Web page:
Google expands Canadian footprint with new jobs in Toronto, Montreal and Waterloo
Plans for three new offices in Canada by 2022 will help company accommodate 5,000 employees
Google is upping its Canadian presence with a plan to open three new offices, giving it enough space to accommodate 5,000 employees by 2022.
The tech behemoth revealed Thursday that it will build a trio of new facilities in Montreal at 425 Viger Ave., in Toronto at 65 King Street E. and in the Kitchener and Waterloo area across from its current space on Breithaupt Street.
The Montreal and Toronto offices will replace Google's existing facilities in those cities.
"Google began its business in Canada in 2001, when our office in Toronto was opened with one salesperson," said Ruth Porat, the senior vice-president and chief financial officer at Google, in a blog post released just as she took the stage at Google's current Toronto office to announce the company's plans.
"Nineteen years later, we employ more than 1,500 people — including engineers, sales leaders and AI researchers — across three offices in Waterloo, Toronto and Montreal. Today we are pleased to announce that we're expanding our presence in Canada..."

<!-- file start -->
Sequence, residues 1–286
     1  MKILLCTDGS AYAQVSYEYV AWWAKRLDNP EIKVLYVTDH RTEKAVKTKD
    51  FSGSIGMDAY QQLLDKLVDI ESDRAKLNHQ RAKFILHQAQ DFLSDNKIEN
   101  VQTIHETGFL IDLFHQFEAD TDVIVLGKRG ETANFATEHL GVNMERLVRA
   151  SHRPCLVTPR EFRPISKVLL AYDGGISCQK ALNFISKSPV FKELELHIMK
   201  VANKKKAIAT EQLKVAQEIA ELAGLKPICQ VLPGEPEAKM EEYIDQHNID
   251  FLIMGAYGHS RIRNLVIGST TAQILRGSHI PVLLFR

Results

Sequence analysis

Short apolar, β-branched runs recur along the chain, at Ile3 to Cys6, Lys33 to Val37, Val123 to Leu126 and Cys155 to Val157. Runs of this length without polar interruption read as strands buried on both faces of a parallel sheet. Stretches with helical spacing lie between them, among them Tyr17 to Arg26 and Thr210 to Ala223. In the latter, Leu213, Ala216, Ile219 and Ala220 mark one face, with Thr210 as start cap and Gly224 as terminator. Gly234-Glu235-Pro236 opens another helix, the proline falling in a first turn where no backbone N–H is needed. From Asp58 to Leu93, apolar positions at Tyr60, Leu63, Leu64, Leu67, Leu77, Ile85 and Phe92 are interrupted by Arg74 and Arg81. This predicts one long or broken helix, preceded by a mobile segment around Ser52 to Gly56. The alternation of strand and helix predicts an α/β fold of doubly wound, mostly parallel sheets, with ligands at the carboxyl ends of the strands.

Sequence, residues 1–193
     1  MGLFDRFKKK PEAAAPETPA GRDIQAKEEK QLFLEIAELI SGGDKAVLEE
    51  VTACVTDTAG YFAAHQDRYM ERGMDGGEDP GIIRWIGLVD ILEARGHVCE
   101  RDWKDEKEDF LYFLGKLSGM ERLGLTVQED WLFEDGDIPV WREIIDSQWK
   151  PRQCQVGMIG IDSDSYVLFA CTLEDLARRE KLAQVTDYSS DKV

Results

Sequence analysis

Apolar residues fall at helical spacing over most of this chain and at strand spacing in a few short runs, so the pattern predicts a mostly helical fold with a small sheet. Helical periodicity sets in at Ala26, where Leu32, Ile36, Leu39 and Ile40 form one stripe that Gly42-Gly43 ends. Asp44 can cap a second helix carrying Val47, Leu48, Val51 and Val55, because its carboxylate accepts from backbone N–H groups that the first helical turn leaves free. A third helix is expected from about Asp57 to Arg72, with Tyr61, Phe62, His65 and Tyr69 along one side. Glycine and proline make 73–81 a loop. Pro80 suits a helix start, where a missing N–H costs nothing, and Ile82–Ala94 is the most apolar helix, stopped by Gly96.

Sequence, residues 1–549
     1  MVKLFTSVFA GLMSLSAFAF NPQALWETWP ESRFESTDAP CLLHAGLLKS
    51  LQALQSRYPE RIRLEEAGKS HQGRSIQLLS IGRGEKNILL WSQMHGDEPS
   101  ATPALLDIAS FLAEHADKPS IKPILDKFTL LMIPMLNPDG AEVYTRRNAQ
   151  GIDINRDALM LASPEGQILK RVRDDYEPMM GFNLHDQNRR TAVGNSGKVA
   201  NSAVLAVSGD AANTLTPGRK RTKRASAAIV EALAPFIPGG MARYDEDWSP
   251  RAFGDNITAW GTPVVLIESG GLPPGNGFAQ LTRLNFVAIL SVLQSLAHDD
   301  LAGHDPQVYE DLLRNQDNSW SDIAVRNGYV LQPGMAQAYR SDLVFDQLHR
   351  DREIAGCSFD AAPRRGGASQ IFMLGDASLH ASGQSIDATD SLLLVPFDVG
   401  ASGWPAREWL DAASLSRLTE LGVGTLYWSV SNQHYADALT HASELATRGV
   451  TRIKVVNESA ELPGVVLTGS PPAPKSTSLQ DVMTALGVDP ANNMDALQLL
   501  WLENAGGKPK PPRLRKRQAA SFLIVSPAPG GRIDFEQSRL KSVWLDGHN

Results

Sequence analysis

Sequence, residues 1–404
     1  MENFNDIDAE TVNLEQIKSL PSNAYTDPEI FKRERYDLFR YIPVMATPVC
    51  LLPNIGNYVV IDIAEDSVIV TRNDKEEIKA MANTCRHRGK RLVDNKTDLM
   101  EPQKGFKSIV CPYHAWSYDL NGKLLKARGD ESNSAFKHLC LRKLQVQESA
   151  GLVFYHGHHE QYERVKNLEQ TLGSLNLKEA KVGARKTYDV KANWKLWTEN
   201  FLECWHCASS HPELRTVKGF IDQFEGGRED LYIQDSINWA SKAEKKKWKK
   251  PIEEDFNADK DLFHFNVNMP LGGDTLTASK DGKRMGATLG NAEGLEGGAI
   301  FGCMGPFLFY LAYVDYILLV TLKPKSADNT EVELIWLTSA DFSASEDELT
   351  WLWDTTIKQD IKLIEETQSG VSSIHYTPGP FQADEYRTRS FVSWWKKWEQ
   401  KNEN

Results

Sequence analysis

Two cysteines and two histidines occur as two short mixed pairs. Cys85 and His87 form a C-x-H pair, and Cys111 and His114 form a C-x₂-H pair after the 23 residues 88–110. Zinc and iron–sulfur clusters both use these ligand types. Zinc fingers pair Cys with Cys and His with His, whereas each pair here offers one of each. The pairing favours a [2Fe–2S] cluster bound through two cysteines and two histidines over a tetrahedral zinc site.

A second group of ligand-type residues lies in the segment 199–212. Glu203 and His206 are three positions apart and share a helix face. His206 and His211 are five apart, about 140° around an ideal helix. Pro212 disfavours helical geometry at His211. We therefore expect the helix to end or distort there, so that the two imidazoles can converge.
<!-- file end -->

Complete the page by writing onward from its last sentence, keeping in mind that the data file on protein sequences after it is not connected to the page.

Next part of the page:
Google's interest in the country comes as one of its affiliates, Sidewalk Labs, has proposed building a waterfront smart city in Toronto that may include another office for the company and as Canada is experiencing a tech office boom.
Shopify Inc. said last week that it will open its first permanent Vancouver office in 2020 and hire 1,000 people in the city. The Ottawa-based e-commerce company announced last year that it will lease about 23,597 square metres of space at The Well complex in Toronto to be built at Front St. West and Spadina Ave.
Meanwhile, MasterCard and the federal government will partner to open the Intelligence and Cyber Centre in Vancouver, storytelling platform Wattpad will bring an office to Halifax, and Amazon Inc. will bring its first fulfilment centre in Quebec — and 12th in the country — to Montreal's Lachine neighbourhood by the end of 2020.
Commercial real estate services and investment firm CBRE Group said in 2019 that strong demand from tech companies for spaces in Canada had driven down the office vacancy rate to a record low.
$2.5M in scholarships
Google, however, has set its sights on more than real estate and expanding head count. The company said Thursday that it will also give $2.5 million for information technology and automation scholarships to NPower Canada, a charitable organization that helps young adults find meaningful and sustainable careers.
The scholarships, Google said, are meant to "equip Canadians with in-demand tech skills to land new jobs in Canada's booming digital economy."